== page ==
It has been just over nine months since I began composting within my home. Everyday I segregate waste and follow the process of composting. Over these months, I have witnessed my garden grow and just last week, we harvested our first ever tomatoes born as compost gifts. This entire process which is slow from waste to compost to new plants has built a stronger relationship between me and my environment. Something that I, as a city dweller living in an apartment, can often be very detached from. This practice has helped in observing many aspects of the environment more closely. Like how often it rains or how droopy my plants are because of too much heat.
It is often easy to feel like the climate crisis is far away from us. Happening some place else. The new Intergovernmental Panel on Climate Change (IPCC) report that was released last month provided us with signs, big and small, to see the severity of this crisis. In essence the report was a warning for us that we are running out of time and our responses to the ongoing climate crisis need to change immediately. This is an important step for us, despite the global increase in citizen groups’ demands to have institutional responses from our governments in line with what the science is showing us.
One of the main points as shown by the report with regards to India and other parts of Asia was the increase in heatwaves. Another climate report that was recently released also echoed this. In fact it was shared that in the past 50 years due to extreme weather 1,34,037 people have died and as a country we have also suffered losses worth $16.9 billion due to extreme weather events.
These reports when read together tell us about the stark ways in which we have already been seeing devastating loss of lives because of the climate crisis. Aruna Chandrasekhar, a journalist and a climate reporter wrote in her piece in The Guardian about how we need to broaden our focus from not just focussing on reducing the carbon emissions but understanding the human cost of climate change. She writes, “The climate crisis may not be what keeps the majority of us up at night, but it blows up everything that was flawed to start with. There are no easy answers and many difficult questions. Everything is up for rebuilding, and therein lies the need for us to be at our most human, most creative and to cast the widest net. There’s a need for long-term thinking, just as there’s a need to to pass the mic and stand up for inconvenient truths that don’t fit within our existing politics.”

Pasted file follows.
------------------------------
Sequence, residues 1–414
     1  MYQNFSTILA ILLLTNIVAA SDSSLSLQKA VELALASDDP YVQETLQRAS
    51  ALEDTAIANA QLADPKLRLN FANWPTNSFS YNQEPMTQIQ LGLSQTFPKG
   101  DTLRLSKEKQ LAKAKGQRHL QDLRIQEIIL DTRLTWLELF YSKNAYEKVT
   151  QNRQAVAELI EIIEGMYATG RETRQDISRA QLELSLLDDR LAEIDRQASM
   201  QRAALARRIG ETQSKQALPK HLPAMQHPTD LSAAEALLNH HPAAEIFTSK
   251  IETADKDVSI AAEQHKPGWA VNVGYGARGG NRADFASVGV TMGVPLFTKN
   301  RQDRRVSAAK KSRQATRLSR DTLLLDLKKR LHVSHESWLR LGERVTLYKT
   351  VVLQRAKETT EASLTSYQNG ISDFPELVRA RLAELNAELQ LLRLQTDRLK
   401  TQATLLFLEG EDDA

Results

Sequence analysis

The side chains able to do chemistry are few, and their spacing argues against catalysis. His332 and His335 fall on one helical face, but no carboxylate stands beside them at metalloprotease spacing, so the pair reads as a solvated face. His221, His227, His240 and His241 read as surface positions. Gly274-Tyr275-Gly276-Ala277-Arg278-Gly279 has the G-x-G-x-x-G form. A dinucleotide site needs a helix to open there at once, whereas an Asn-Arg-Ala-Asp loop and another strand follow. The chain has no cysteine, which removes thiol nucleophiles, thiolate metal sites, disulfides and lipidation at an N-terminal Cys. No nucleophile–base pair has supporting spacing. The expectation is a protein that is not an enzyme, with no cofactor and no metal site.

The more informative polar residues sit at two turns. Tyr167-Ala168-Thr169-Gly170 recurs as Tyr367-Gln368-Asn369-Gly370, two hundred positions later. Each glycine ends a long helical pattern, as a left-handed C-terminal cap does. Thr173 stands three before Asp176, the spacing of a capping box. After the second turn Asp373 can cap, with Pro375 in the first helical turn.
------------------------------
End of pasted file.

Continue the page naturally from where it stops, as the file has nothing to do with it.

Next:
As world leaders from 196 countries come together to meet in Glasgow for the COP26 summit with the aim to agree upon action to limit climate change and effects, we as citizens play an important role in demanding that the changes translate to protection for the most marginalised among us. Especially those who are on the frontlines of these effects.
In the face of large scale climate changes, it sometimes feels like our small efforts don’t make a dent. Yet spending time with my waste has brought me closer to understanding the crisis all around us and ask questions that feel urgent in these times. What changes have we made to our lives? What can we do as individuals to bring us closer to the environment and respond to the climate crisis?
We hope to hear from you on your thoughts on the IPCC report, the state of our earth and what strikes you when you think of the climate crisis.